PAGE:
WARRINGTON, England, September 21, 2017 /PRNewswire/ --
Dementia has been described as a global health 'ticking time bomb' by world-leading experts.
Fast being dubbed the disease of an ageing population, dementia is feared not only because there is no cure. It is feared because people can see it in their families, they can see it in their friends, they can see it all around them in their communities.
September 21st marks World Alzheimer's Day where Alzheimer's organisations around the planet concentrate their efforts on awareness raising.
Dementia is where cancer, 'the Big C' was 30 years ago. 'The Big D' is where we are at now, according to two experts from the World Dementia Council.
Dementia has overtaken cardiovascular disease to become the biggest killer in England and Wales today. And surveys show it's what people in the UK are most scared of. A YouGov poll* revealed 64% of people were most afraid of losing their memory through a health condition such as Alzheimer's or dementia in their golden years.
But dementia is no longer the taboo topic it once was. People are talking more frankly about living with dementia than ever before. That's thanks in part to the power of social media. It has made mass global conversations possible according to World Dementia Council members Jeremy Hughes, CEO of the UK Alzheimer's Society and Paul Hogan, founder of global dementia care specialist Home Instead Senior Care.
So here are 5 things they want you to read and share across social media on #WorldAlzheimersDay to help start more conversations spanning the globe:
1 Life begins at 40
A 2017 pilot programme saw questions about Alzheimer's and dementia included in NHS midlife health checks which start at 40. In the past, people had said there's no point talking about these diseases at the midlife point because they happen in old age. But the results proved a shift in people's attitude to modifiable dementia risk and managing their health; 75% of people said advice on dementia risk reduction would encourage them to adopt a healthier lifestyle.
So the '40-somethings' in the pilot took on board the basic message that what's good for your heart is good for your head - eat a healthy diet, take exercise, drink in moderation and don't smoke. Currently there's no cure for dementia, much more research is needed, so until then making such lifestyle tweaks from the age of 40, should be embraced as midlife best practice.
2 The right to an early diagnosis
Jeremy's father lived with dementia, and as CEO of Alzheimer's Society, he hasn't met a single person who wished they hadn't got a diagnosis, they say they wish they didn't have dementia understandably.
If we don't feel well, we want to know why and that's just as true for people with dementia and their families, adds Paul, founder of Home Instead Senior Care. It's only with a dementia diagnosis that informed decisions can start to be made. That means care and support can be carefully planned out with a person's fundamental rights respected. The five Dementia Statements, honed over the last 7 years and newly published this year, are a rallying call to improve the lives of people living with dementia, their carers and their families by reinforcing the basic human right not to be treated differently because of a diagnosis.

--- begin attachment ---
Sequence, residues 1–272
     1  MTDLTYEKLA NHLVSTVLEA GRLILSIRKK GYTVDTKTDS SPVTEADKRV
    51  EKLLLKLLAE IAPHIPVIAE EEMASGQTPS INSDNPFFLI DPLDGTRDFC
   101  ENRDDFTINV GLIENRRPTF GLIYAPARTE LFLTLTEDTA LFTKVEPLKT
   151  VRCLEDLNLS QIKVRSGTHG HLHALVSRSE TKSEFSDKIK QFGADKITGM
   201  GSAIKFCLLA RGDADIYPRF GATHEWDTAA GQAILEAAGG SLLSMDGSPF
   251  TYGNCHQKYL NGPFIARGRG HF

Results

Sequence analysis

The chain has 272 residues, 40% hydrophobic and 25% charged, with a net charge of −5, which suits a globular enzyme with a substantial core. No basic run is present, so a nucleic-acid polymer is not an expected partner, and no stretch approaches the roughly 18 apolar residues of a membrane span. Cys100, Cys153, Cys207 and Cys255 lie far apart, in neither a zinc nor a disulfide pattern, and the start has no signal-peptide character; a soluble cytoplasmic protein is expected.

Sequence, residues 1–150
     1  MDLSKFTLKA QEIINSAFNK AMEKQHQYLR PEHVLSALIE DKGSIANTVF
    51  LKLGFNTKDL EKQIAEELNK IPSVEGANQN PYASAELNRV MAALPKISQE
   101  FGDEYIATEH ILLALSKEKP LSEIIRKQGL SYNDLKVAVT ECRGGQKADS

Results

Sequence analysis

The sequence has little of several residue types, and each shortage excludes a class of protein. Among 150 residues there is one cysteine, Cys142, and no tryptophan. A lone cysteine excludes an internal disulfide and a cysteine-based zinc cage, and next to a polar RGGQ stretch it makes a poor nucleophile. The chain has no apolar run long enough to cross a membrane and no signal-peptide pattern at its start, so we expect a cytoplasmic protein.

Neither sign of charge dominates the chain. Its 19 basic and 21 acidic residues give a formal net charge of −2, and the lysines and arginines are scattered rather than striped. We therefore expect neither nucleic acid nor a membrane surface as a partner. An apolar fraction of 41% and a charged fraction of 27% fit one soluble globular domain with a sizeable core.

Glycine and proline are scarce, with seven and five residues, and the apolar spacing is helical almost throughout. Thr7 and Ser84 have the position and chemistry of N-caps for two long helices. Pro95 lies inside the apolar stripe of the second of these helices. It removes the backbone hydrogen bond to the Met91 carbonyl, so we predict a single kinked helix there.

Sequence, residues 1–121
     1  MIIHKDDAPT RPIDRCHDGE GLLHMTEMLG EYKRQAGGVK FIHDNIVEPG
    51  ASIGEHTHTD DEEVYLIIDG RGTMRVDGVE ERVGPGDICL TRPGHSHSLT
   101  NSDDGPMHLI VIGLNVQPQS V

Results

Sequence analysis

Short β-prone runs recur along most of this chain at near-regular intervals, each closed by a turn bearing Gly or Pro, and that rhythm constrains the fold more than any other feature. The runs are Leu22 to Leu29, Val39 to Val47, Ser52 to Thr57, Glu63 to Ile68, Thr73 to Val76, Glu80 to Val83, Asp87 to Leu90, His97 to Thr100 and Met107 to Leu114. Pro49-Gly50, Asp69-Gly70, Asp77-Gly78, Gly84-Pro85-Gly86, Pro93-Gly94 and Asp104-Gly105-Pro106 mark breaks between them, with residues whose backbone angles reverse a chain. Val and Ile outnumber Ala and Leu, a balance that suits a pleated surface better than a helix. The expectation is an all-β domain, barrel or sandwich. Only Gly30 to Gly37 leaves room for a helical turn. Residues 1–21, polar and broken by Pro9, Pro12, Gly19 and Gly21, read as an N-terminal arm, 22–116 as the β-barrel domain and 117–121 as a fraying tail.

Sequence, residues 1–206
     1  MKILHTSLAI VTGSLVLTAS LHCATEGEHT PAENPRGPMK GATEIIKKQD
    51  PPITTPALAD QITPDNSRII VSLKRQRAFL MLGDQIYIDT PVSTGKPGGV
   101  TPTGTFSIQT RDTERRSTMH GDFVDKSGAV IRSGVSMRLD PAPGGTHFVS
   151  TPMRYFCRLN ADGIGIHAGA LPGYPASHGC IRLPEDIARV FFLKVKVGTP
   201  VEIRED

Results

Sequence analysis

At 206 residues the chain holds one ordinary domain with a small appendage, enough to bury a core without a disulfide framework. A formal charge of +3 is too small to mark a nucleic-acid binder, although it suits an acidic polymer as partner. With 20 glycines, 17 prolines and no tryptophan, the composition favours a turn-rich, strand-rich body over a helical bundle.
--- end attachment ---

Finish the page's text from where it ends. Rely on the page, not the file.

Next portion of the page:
3 What's the master plan?
The World Dementia Council has called on all countries to develop their Alzheimer's Plans to respond to one of the most urgent health challenges facing the world today, one that is not solvable by any one country, organisation or individual alone. Its 8 point Global Care Statement highlights the right to high quality, person-centred care and support for people living with dementia, their families and their care partners.
4 Care closer to home
As dementia advances it can take with it a person's ability to make informed choices about where and how they wish to be cared for. The reality is that too many people end up in residential care or nursing homes before they need to be there, or they end up staying in hospital beds for prolonged stays at enormous costs, says Jeremy.
If there's the right support from properly trained caregivers who understand what it means for a person not just to live with dementia but to live well with dementia, there's both dignity and empowerment. Even better if that care and support can be provided in a person's own home, adds Paul. A person can be surrounded by reminiscence triggers from their own lifetime, rather than staged backdrops, receive care in the familiarity of their family home and stay part of their own community.
5 Be part of the Dementia Movement
When Alzheimer's Society started its Dementia Friends programme in the UK, the goal was to get to 1 million friends. People said we were setting ourselves up to fail, says Jeremy. But the current friends tally stands at 2 million and is increasing by 30-40,000 a month. Meanwhile Paul's organisation is equally committed to building dementia friendly communities across the world. In the UK, its caregivers undertake a bespoke City & Guilds qualification shaped by world-leading dementia academics. It cascades this knowledge down into communities in turn by providing free Family Dementia Workshops open to family members and people from the wider community as well as local businesses. And in the States, where Paul's organisation began 23 years ago, it is a proud member of Dementia Friendly America.
Become part of the Dementia Movement on #WorldAlzheimersDay and start by sharing this piece.
*Research commissioned by Home Instead Senior Care UK. Figures are from YouGov Plc. Total sample size was 2044 adults. Fieldwork was undertaken between 15th - 18th January 2016. The survey was carried out online. The figures have been weighted and are representative of all GB adults (aged 18+).
SOURCE Home Instead Senior Care